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Octopus and Diver Printing - part 1

Posted by Dave Bull on April 19, 2020 [Permalink]

It was the summer of 2016 that this project got underway - the plan to make a Mokuhankan reproduction of Hokusai's most iconic shunga work, the famous 'Octopus and Diver' image.

But here I am, beginning a series of blog posts that will outline the process of printing the image, and yet understanding that many people - people who want to learn about woodblock printmaking - are not so comfortable with viewing it. What to do?

Here's the basic 'ground rule' I will follow for the series of blog posts that will follow over the next couple of weeks, as the print comes to life: the intent of these blog posts is to discuss technical points of how the print is made, and to illustrate them with photos; it is not to illustrate the image itself. So that's the rule - these posts will be 'safe for work', as the saying goes ...

OK, let's get to it!

The initial step with all of our printing here is to prepare the washi (Japanese paper) for the work. We receive it in a 'raw' state, and it is not suitable for printing in that condition - before we can use it, we must 'size' it ... coat it with a glue mixture.

That's what I am doing in this image - brushing a mixture of hot nikawa (gelatine) and alum across both sides of each sheet:

The gelatine serves to add body and strength to the paper, which would otherwise be too structurally too weak to survive the vigorous process of being rubbed against the woodblocks. The alum stops the colourants from spreading out among the paper fibres; with this 'barrier' in place, the colours stay within the lines ...

Once the stack of paper for a batch of prints is thoroughly saturated with the liquid (they don't stick together!), they are hung in pairs to dry, on cords we have stretched across one room of our workshop:

The idea is that the sheets should dry quite slowly - in order not to wrinkle and buckle - so once I have finished hanging all the sheets, the doors to the room will be shut tightly to decrease air flow. (In summer, when the air is much more damp, the doors can be left slightly ajar ...).

The sheets of paper you are seeing here have been trimmed from a larger sheet that we receive from Iwano-san the maker. Each of these will make two of the Hokusai prints.

Once dry, the sheets would normally go straight to the printer's bench, ready to be moistened for printing, but in the case of this Octopus image, we are going to add an extra step at this point - toning the paper.

When I ran an initial test group of these prints some time ago, I was disappointed in the overall 'mood' of the completed print. It was very crisply carved ... very smoothly printed ... but was just too 'clean' in overall feeling. The original of this design wasn't a very special production, done on expensive paper. It was just one page of a book, and a very cheaply produced book at that. The carving was rough (and broken in many places), the colours were mis-registered, and there was no attempt at all to try and get the left and right halves - carved and printed on separate woodblocks - lined up properly. These are all 'defects', and yet when I had corrected all these things in my reproduction, I found that the overall feeling was just too clean and neat.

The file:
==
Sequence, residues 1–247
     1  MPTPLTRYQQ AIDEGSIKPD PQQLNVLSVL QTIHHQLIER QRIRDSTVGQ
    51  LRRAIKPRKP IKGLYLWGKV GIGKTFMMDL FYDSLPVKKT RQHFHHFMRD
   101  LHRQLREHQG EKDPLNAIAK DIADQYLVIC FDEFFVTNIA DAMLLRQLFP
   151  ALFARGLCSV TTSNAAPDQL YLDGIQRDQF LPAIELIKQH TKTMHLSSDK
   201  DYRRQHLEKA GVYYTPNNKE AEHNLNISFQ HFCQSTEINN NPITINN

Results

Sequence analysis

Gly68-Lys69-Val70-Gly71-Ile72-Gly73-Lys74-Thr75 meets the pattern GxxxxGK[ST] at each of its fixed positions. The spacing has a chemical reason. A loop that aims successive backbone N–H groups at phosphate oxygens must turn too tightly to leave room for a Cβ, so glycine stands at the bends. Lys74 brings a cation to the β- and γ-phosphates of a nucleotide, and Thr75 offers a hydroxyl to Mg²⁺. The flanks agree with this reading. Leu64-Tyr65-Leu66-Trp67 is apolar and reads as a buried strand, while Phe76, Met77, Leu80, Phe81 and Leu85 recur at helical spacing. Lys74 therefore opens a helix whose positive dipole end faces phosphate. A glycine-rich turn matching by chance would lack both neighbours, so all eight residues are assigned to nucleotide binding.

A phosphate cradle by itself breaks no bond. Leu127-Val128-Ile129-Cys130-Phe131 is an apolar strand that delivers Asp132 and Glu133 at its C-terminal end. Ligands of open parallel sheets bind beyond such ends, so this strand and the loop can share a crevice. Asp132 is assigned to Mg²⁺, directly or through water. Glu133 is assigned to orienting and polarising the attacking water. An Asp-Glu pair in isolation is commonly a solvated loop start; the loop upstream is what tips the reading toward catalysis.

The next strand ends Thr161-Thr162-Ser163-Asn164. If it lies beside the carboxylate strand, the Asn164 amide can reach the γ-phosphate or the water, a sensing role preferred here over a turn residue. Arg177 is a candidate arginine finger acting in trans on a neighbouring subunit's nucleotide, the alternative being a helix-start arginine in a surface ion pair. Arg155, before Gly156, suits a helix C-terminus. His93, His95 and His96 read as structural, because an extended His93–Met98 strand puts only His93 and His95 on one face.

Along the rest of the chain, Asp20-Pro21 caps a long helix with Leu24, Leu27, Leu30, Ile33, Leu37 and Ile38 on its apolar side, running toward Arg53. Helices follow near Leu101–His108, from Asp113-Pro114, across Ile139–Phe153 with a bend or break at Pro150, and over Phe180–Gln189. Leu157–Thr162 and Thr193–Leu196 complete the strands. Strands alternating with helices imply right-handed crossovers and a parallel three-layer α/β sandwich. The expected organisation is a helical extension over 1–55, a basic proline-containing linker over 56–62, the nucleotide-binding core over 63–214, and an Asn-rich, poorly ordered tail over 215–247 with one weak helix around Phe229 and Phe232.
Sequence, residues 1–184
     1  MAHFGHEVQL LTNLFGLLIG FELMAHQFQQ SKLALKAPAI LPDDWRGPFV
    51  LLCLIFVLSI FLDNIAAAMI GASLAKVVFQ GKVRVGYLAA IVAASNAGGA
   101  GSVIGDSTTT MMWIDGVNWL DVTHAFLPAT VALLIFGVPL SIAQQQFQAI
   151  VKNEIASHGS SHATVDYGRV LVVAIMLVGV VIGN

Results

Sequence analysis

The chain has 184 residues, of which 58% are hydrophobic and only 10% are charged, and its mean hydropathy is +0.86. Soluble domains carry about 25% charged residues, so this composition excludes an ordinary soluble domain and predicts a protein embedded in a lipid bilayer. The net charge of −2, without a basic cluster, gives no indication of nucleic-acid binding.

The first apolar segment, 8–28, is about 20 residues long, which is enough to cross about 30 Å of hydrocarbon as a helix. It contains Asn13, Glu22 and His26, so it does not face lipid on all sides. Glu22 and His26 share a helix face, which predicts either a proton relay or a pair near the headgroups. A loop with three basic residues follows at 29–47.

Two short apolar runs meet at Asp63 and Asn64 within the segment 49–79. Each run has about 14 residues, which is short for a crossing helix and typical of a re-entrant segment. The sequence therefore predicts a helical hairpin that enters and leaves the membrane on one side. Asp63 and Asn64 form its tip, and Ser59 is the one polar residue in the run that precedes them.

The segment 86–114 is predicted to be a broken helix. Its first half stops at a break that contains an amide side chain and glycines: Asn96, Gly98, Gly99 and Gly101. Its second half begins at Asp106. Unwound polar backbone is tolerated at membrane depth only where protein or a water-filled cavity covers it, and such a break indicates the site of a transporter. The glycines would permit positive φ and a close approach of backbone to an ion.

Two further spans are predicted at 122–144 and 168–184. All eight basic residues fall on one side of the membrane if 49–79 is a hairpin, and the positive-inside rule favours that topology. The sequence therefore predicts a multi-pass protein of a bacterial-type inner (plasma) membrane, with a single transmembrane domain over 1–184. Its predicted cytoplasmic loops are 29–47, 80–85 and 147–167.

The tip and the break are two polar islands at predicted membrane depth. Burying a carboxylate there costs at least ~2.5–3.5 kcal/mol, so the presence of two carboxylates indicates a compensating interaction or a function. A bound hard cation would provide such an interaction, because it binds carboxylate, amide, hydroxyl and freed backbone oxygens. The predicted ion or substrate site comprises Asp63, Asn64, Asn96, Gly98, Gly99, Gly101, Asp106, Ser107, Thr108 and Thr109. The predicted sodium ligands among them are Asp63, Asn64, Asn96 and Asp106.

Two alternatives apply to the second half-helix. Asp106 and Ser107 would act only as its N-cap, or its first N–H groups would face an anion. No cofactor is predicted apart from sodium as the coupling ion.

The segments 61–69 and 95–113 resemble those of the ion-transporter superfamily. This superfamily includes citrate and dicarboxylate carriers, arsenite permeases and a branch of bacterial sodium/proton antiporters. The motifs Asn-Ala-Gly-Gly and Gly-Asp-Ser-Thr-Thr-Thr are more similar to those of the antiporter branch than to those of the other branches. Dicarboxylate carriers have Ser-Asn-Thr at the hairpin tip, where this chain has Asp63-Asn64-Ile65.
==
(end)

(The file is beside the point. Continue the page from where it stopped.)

Now I wasn't about to go back and damage the lines of my carving, nor will I willingly make prints with poor registration, but I did need to do something to make the print somewhat less 'perfectly clean', so I did a test run using paper that I had 'toned' with pigment, to make it appear less clean and neat. The result was much more suited to this image, so that is what we will do with this coming edition ... we'll add a bit of toning to the paper before we start the actual printing.

The process isn't so difficult. In the 'old days' such toning was sometimes done with persimmon juice, but as that liquid is quite acidic in nature, I want to use a method that is less destructive to the paper, so I simply use a light mixture of the same type of pigments that we will be using in the printing itself - in this case, a blend of red and yellow will produce a sandy tone:

Unlike the sizing process, where the brush shouldn't be allowed to touch the same area of the paper more than once, this brushing is much more relaxed. I use the brush to pass over both sides of the paper, touching here and there until the overall effect seems basically smooth.

(Also, you can see that the larger pieces have now been cut in half, to the dimension we will use for printing ... with a bit of extra length at one end where they can be hung up ...)

Each sheet is then hung over in the same place where the sheets hang after being sized. This time, they are hung one by one, as if they were allowed to touch, visible marks in the toned colour would result ...

That's it for the first part of the preparation. Once dry, the batch of sheets will then need still a couple of preparatory steps before it can head to the printer's bench, ready to be moistened for the printing work to begin ...

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This thread continues in Octopus and Diver Printing (2) | Information on getting the print is here





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